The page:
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Better fire safety training on the horizon

Brunt, Kendall died in similar circumstances

A private members’ bill put forward by Oshawa MPP Jennifer French has been referred to committee. Bill 10, also known as the Brunt and Kendall Bill, calls for regulation of ice and swift water training courses. Adam Brunt and Gary Kendall died in separate incidents while participating in such courses run by the same company. Brunt’s father Al is seated to French’s right. (Photo courtesy of YouTube)

By Chris Jones/The Oshawa Express

Oshawa MPP Jennifer French’s Bill 10, which aims to regulate firefighter safety training, is heading to committee for its third reading.

According to French, Bill 10 is the culmination of three-and-a-half years of work. She brought the proposed legislation forward with help of families of Adam Brunt and Gary Kendall, two firefighters who died during safety training exercises.

“We have been bringing this story and bringing this situation to the attention of the former [Liberal] government and former premier,” says French.

After calling for a coroner’s inquest into the deaths of Brunt and Kendall, 14 recommendations to various government industries were made. These recommendations called for a halt to all ice and swift water training exercises until a set of regulations and guidelines could be developed and put in place.

French says that she wrote Bill 10 herself because the previous government would not give anything but assurances.

“Normally a private member’s bill is one or two lines that are a specific fix. This is essentially seven pages of full government legislation on behalf of the government to create an entire framework,” says French.

Brunt was a Durham College student who was training to be a firefighter.

He died on Feb. 8, 2015, while participating in a safety course run by Newmarket’s Hershel Rescue Training System on the Saugeen River near Hanover, Ont., about an hour south of Owen Sound.

He was swept under the ice when he gear caught on a piece of rebar under the water.

Kendall, a volunteer firefighter from Point Edward, Ont., died in a similar incident in January 2010 while taking a course run by the same company.

The company’s owner, Terry Harrison, would be charged under the Occupational Health and Safety Act, but later had the charges thrown out when a judge determined he wasn’t the one technically in charge of the exercise that day.

According to French, Brunt found out about the safety training course on Facebook.

She also says that many people who want to become firefighters take these courses to learn special skills and get a leg up during interviews.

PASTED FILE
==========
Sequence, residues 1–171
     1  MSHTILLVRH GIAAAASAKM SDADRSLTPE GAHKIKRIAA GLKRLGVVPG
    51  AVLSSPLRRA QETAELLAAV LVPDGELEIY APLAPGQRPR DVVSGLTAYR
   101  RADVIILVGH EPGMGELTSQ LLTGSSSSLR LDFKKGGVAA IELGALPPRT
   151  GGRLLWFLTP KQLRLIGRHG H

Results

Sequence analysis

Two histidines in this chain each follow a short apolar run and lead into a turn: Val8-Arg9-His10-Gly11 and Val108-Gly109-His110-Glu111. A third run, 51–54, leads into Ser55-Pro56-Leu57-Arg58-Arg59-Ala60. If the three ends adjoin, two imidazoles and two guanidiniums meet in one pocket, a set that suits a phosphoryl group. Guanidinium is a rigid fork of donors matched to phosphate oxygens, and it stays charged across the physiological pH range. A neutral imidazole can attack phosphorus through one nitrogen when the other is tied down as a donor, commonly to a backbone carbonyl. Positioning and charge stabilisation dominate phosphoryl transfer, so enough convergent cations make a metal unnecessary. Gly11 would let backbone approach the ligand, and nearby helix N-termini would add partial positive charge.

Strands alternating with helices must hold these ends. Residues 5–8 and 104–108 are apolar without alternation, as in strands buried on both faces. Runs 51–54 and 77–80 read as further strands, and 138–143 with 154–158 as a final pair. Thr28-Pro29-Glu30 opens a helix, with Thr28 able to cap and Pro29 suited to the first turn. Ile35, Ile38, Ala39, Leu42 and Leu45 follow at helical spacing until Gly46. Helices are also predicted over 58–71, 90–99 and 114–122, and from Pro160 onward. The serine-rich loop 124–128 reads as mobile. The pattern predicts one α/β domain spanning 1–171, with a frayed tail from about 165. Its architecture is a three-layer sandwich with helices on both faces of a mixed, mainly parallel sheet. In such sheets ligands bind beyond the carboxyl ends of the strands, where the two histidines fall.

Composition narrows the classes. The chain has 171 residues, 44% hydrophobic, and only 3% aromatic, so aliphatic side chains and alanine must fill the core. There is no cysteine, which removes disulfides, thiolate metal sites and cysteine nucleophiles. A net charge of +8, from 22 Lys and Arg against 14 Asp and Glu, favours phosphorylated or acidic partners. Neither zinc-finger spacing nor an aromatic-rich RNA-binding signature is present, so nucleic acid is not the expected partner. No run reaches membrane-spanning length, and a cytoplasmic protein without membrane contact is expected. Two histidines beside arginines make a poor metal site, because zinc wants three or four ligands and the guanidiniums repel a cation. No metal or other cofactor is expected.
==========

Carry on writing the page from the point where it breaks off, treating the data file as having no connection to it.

“The thing is, none of these courses have basic standards. You and I could decide ‘Hey, you know what? I know a lot about knots. I was a girl guide. Let’s you and I teach a course to would-be firefighters about ropes and knots and high angle rescue,” French says. “Let’s charge a whole bunch, we’ll post it on Facebook, people will take our course, we can decide what we teach them, we cross our fingers that nothing goes wrong. And when they’re done, you print off certificates on your computer saying course completed and they get to show it at an interview.’”

French says that there are no standards in place for training firefighters, but driving instructors are regulated. She notes that while the two have their own unique dangers, she wonders why the one has standards and regulations and the other does not.

French says that her bill sets out a framework.
“The office of the fire marshal should be responsible for overseeing this industry. Licensing instructors, regulating what is taught, ensuring that the province even needs these courses.”

Bill 10, or the Brunt and Kendall Bill, has been passed through its second reading, which means it will now be going to committee before going to the House.

French only hopes that it will be reviewed at the committee level sooner or later.

Brunt’s father, Al, says this is only a start as the bill still needs to go through a third reading.

Al says that French stepped up in 2015 and has been working with on the family’s behalf ever since.

“Jennifer’s been a mainstay for us. She knows it she gets it,” he says. “There’s others as well, I don’t want to just single out Jennifer, but she’s been a big part of it as our connection to the government.”

He is confident that the bill will go through.

“It has to happen,” he says.

If the Bill ends up languishing in legislative purgatory, French says that she will continue to fight to improve firefighter safety.

“[Putting it on the order paper] is a huge step,” says Al. “We will continue to lobby until we get that third reading that says its law.”

Al says that, as someone who works for the government, he can see why people will give up while trying to push a bill forward like Bill 10.

He says that he has called provincial ministers and while they say he’ll hear back from them in a week or two, that’s not always the case.

“If you don’t have the persistence and the right persona to continue to push and push and push, people just give up,” he says. “People that don’t have that luxury, and don’t get fortunate enough to get somebody like Jennifer to step up and help you, you’re banging your head against the wall.”

He believes that having French “has been a Godsend.”

French says that she has been a consistent advocate on health and safety issues, but this one is very close to her heart.

“This specific issue, if it gets stuck and the government doesn’t pull it to committee … we will be chasing this government to make sure that they. We’re not just going to sit quietly and wait,” says French.